Lauri Kubuitsile said...

Sue- I think the big problem is, at least here, people see ARVs as a saviour, in many they are but they are not without dangers and these must be known. And too the scientific community should not rest on their laurels thinking the problem has been solved.

Karen- Since I work alone, as a writer, I don't know about these things but , yes, I would imagine it could cause difficult situations, as mentioned in the article work performance can be impaired.

bonita said...

When a patient starts on ARV's the body just about convulses—cramps, diarrhea, loss of appetite. Once the body gets used to the toxic medicine, some of the symptoms subside. Nevertheless, weight loss becomes an issue and bone loss (from meds) leads to tooth loss. While the general population might get a colonoscopy once every 5 years, those on an HIV regime might get one very year or so. The list goes on and on. Cognitive loss from HIV? the meds? or the overwhelming depression at watching your life slip away? The research community is still trying to make meds that are easier to take and still effective and in developing a vaccine. I'm afraid it will be years before they turn their attention to developing drugs that are less poisonous. And, for all our sophistication, there are still people who believe you can catch AIDS by being in the same room with and HIV+ person.

Ivo Serentha and Friends said...

My compliments for your blog,I encourage you to photoblog,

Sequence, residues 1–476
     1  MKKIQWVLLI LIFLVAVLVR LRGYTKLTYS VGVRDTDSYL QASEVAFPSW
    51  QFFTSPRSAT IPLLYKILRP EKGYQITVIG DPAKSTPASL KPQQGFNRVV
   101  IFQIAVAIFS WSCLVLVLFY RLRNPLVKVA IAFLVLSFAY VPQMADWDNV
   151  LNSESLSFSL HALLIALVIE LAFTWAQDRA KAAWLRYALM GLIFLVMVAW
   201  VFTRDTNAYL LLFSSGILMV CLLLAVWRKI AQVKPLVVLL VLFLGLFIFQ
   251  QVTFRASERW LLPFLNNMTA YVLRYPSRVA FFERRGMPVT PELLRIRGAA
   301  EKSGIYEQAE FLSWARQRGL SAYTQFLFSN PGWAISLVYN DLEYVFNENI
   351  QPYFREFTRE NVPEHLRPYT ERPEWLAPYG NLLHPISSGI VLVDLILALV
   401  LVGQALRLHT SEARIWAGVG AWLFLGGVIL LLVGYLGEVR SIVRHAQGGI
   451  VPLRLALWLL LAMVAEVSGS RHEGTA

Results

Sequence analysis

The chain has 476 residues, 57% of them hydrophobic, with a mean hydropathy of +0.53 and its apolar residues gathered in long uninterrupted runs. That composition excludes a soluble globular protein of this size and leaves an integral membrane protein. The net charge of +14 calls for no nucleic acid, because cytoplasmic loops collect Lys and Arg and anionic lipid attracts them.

http://photosphera01.spaces.live.com

Even week another photo album

Greetings from Italy,

Marlow

Selma said...

That is so distressing. To think that so many people are living with their quality of life so compromised just makes me gasp. It's awful.

GutsyWriter said...

I had never read about this. It sounds like we have a new set of problems while trying to cure HIV. Is hall send your blog post to nurse Judy's husband in Belize, who is working on HIV over there. Thanks for informing us.

Lauri Kubuitsile said...

Bonita- you are so right - the prejudice is shocking! It's bad enough the person has to have this horrid disease. And you're right there are alos often terrible side effects at the beginning too.
GutsyWriter- did you pass on the info about the Mooncup to Nurse Judy? I have sent the folk an email but still no repsonse.
Selma- it's true but we must take this in perspective. I've sort of been through two HIV/AIDS crises. I live in Madison Wisconsin which has a big gay community in the early 80s. Gay men were dying all over. It was devastating. Then I came here in the 90s and found the same thing among the general population. ARVs are a blessing too. When I think of all of the people I've known who are dead now but could still be alive my heart aches.

GutsyWriter said...

Yes Lauri,

I sent an e-mail to Nurse Judy and Carol, the head of the American group of nurses I went to Belize with, and haven't heard from them either. I told them that you mentioned this and that I thought it was possibly a great idea. I shall see if your e-mail address is on your website and them forward it to you. Thanks so much and also for the checking on this. Another author is donating part of the proceeds of her book, "Motherless daughters" and also her knew one, "The Possibility of Everything," to Belize. Her name is Hope Edelman and I met her last Monday. I shall also stay in touch with her.